The House of Lords debates Grey Squirrels.

And it looks like the scheme to re-introduce the Red Squirrel to Thetford Forest has been a failure.

Lord Livsey of Talgarth asked Her Majesty's Government:

Lord Whitty The department issued and consulted on the Government's response to the review of non-native species policy in December 2003. The response set out the Government's initial views in responding to the detailed review report. In preparing the response, the Government took full account of the work of the Convention on Biological Diversity (CBD) and its recommended three-stage approach to dealing with invasive non-native species, which the review also endorsed:
 

The Government agreed with the review working group that the development of comprehensive risk assessment procedures to assess the risks posed by non-native species is a priority, as it would inform further prevention action.

The department has commissioned research to develop a standardised system that would enable the risk of species becoming invasive to be routinely assessed. The research is due for completion in early 2005. The aim is to produce a standarised system to identify those species constituting the highest risks, and to provide guidance on the feasibility and cost-effectiveness of options for management action.

We have not yet conducted a formal cost estimation and cost/benefit analysis for controlling specific species such as the grey squirrel.

Lord Livsey of Talgarth asked Her Majesty's Government:

    What is their estimate of the cost of the damage caused to community forests and other planting schemes by grey squirrels.[HL4224]
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Lord Whitty: No specific estimate has been made of the likely cost of damage to woodland planted under the community forest programme or any other support mechanism.

Earl Peel asked Her Majesty's Government:

    Whether they regard the project to reinstate red squirrels into Thetford Forest to have been a success.[HL4230]

Lord Whitty: The red squirrel population in Thetford Forest has shown a slow long-term decline, closely associated with the spread of the grey squirrel in the area. Over the past decade, efforts have been made to reverse this decline, using a combination of forest management, targeted grey squirrel control and some limited trial restocking with red squirrels. Although we cannot say that there has been an improvement in the situation, this work has been very helpful in gathering information to inform squirrel management elsewhere and we now know a great deal more about the effort required to control grey squirrel populations.

Red squirrels are still present in the forest, though probably in very small numbers.

Earl Peel asked Her Majesty's Government:

    Whether the Forestry Commission has a policy to control grey squirrels; and, if so, what methods it recommends.[HL4231]

Lord Whitty: The Forestry Commission is currently engaged in the preparation of a policy statement on grey squirrel control in England. This is one of the commitments made in the response to the recommendations contained in the Sustaining England's Woodlands review.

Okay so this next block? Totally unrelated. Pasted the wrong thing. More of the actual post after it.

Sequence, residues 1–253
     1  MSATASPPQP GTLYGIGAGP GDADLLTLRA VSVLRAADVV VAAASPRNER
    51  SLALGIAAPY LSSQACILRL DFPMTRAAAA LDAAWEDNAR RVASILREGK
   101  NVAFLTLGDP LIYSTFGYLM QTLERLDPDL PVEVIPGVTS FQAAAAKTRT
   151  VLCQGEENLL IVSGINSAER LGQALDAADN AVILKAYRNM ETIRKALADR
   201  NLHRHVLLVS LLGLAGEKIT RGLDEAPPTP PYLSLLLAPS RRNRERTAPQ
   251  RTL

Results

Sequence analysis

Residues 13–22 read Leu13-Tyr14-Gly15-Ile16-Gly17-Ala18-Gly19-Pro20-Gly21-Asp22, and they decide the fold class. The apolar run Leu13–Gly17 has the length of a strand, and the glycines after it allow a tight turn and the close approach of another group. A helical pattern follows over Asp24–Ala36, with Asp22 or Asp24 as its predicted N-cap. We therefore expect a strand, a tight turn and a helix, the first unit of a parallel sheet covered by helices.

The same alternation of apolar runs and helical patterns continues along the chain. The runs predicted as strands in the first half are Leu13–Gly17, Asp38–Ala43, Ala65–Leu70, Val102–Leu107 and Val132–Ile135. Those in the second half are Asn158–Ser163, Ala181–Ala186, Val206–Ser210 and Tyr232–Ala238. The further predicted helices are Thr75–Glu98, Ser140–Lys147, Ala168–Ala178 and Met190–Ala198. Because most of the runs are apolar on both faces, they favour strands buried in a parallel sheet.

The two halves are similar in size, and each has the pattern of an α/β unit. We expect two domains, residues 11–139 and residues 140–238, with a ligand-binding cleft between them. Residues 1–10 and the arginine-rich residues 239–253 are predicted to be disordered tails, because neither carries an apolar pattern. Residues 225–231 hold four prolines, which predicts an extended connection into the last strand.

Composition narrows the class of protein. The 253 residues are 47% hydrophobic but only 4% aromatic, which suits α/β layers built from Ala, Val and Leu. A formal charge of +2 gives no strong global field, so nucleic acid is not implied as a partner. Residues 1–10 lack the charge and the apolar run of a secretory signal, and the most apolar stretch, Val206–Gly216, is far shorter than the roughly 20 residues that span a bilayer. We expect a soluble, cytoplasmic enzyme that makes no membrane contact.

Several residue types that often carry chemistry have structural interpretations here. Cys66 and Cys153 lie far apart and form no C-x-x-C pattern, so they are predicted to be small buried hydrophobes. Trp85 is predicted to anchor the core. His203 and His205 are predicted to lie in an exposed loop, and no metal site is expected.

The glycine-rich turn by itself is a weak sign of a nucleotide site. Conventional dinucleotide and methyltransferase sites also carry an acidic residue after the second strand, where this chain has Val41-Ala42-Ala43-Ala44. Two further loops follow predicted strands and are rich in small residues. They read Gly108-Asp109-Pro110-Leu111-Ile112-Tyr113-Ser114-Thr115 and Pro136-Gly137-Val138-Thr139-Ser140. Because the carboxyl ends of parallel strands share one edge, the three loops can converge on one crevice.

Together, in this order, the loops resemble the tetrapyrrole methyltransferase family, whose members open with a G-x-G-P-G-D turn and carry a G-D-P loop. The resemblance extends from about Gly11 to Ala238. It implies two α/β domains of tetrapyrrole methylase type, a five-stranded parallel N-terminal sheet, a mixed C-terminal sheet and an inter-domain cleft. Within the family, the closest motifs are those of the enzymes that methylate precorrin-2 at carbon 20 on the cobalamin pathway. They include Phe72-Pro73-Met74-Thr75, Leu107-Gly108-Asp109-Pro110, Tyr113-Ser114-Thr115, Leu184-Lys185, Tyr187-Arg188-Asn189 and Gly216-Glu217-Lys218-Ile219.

The Forestry Commission's policy on the public forest estate in England is that grey squirrel control is undertaken according to circumstances, through a risk-based approach. This approach has the aim of preventing damage to high-value timber crops, the prevention of damage to property and the conservation of red squirrel populations and other features of high biodiversity value.

The recommended methods of control are set out in the Forestry Commission's forest practice note Controlling Grey Squirrel Damage to Woodland. The current edition of this guidance was published in April 2004. It recommends warfarin poisoning and live trapping using baited cages as the most effective methods of reducing grey squirrel populations.

Earl Peel asked Her Majesty's Government:

    Whether there has been any change in policy towards controlling the grey squirrel since the reply given by the Lord Donoughue, then Parliamentary Secretary to the Ministry of Agriculture, Fisheries and Food, that the Government would "do all we can to promote effective means of control because grey squirrels are pests and should be got rid of" (HL Deb, 26/01/99, col. 873).[HL4232]

     

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The Parliamentary Under-Secretary of State, Department for Environment, Food and Rural Affairs (Lord Whitty): No. The statement made by my noble friend Lord Donoughue was in the context of the establishment of new broadleaved woodland and there has been no change in the policy that underpinned that statement.

The Forestry Commission is currently engaged in the preparation of a clear modern policy towards grey squirrels. This is one of the commitments made in the response to the recommendations contained in the Sustaining England's Woodlands review.

In addition the Forestry Commission advises on methods for controlling grey squirrel. Its advice is set out in the practice note Controlling Grey Squirrel Damage to Woodland and this was revised and republished in April 2004. A copy will be placed in the Library of the House.

While the Forestry Commission has a significant role to play in providing advice on best practice, the prime responsibility for controlling grey squirrel damage lies with landowners.

But we Air Rifle Hunters already knew that.